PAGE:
Academic journal article ABA Banking Journal

I'll Take a Five for This Ten, Please

Academic journal article ABA Banking Journal

I'll Take a Five for This Ten, Please

Article excerpt

Ed Seifried knew that he appreciated America, but he didn't realize just how much until he visited Russia.

He discovered, for instance, that although American money circulates in the former Soviet Union, it must be perfect--no ragged edges, no scribbled phone numbers, no limp and crumpled bills allowed. "Russian banks make a nice income exchanging dirty and torn money for fresh money," says the economics professor at Lafayette College, Easton, Pa. "I don't know why, because their money isn't perfect. It's the dirtiest, filthiest money I've ever seen

Seifried almost missed out on the opportunity to learn about these strange, but true Russian phenomena. In 1993 KPMG Peat Marwick asked him to be an advisor to the newly privatized commercial banks in the former Soviet bloc. Seifried, however, declined; he had a heavy courseload at his college, not to mention his stints as a professional labor arbitrator, consultant, author, and teacher at ABA's Stonier Graduate School of Banking and Business of Banking School, among others.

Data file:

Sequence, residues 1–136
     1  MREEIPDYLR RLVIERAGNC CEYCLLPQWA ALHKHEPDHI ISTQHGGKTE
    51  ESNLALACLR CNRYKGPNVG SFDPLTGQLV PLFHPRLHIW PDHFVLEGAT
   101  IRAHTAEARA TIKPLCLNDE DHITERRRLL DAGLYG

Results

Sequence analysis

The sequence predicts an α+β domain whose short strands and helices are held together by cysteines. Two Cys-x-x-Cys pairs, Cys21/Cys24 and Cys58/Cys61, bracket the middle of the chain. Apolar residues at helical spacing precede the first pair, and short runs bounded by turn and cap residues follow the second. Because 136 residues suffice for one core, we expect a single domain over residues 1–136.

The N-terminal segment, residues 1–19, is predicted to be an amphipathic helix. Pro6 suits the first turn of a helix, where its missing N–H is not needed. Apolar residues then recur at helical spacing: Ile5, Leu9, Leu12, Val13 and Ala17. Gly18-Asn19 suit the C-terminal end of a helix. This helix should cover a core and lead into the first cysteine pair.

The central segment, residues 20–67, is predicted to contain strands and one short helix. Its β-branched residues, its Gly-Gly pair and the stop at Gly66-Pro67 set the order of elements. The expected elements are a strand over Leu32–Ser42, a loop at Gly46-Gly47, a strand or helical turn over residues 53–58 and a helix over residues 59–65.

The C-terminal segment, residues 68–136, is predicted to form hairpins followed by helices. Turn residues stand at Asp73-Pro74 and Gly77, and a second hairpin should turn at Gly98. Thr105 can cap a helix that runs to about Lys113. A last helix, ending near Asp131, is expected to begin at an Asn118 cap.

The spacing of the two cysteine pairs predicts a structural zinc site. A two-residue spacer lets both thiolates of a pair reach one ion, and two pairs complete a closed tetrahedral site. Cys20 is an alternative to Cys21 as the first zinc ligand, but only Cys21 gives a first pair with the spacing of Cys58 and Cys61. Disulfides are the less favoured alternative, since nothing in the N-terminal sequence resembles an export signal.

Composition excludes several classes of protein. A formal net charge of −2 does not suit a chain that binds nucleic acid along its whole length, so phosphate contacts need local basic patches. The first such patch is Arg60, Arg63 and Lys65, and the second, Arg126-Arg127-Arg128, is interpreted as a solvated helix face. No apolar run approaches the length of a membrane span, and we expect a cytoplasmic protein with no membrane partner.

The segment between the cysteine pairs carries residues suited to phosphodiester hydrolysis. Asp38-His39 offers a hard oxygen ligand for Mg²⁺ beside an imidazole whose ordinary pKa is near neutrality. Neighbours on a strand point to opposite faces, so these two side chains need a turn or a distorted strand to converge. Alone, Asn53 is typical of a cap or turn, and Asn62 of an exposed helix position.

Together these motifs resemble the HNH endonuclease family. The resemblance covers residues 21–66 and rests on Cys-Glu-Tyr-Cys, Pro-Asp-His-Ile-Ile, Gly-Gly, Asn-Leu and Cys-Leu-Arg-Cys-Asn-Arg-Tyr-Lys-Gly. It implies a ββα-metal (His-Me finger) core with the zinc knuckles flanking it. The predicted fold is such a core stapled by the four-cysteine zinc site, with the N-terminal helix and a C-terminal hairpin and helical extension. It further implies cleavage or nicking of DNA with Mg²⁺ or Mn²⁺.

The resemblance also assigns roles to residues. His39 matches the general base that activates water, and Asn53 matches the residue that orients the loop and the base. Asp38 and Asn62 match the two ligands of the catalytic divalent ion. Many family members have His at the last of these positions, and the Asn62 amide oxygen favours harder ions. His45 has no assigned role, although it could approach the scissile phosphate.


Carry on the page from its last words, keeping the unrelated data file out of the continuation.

"Finally I thought it might be a wonderful experience and I should try it," says Seifried. In January 1995 he took his first trip to Russia to introduce BankExec, ABA's computer training system that simulates bank operation. …

Search by... Author
Show... All Results Primary Sources Peer-reviewed

Oops!

An unknown error has occurred. Please click the button below to reload the page. If the problem persists, please try again in a little while.